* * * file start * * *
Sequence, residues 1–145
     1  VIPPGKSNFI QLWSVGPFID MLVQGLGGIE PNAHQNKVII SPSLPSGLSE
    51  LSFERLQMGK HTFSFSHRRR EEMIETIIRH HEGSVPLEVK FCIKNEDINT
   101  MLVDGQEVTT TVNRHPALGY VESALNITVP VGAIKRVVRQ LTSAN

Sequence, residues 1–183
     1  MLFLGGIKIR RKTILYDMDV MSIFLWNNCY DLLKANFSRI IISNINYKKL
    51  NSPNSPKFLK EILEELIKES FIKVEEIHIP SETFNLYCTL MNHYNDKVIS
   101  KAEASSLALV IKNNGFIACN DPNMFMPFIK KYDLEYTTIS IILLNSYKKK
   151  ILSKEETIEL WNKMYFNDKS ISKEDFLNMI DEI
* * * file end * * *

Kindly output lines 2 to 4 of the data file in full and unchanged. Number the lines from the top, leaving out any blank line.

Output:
     1  VIPPGKSNFI QLWSVGPFID MLVQGLGGIE PNAHQNKVII SPSLPSGLSE
    51  LSFERLQMGK HTFSFSHRRR EEMIETIIRH HEGSVPLEVK FCIKNEDINT
   101  MLVDGQEVTT TVNRHPALGY VESALNITVP VGAIKRVVRQ LTSAN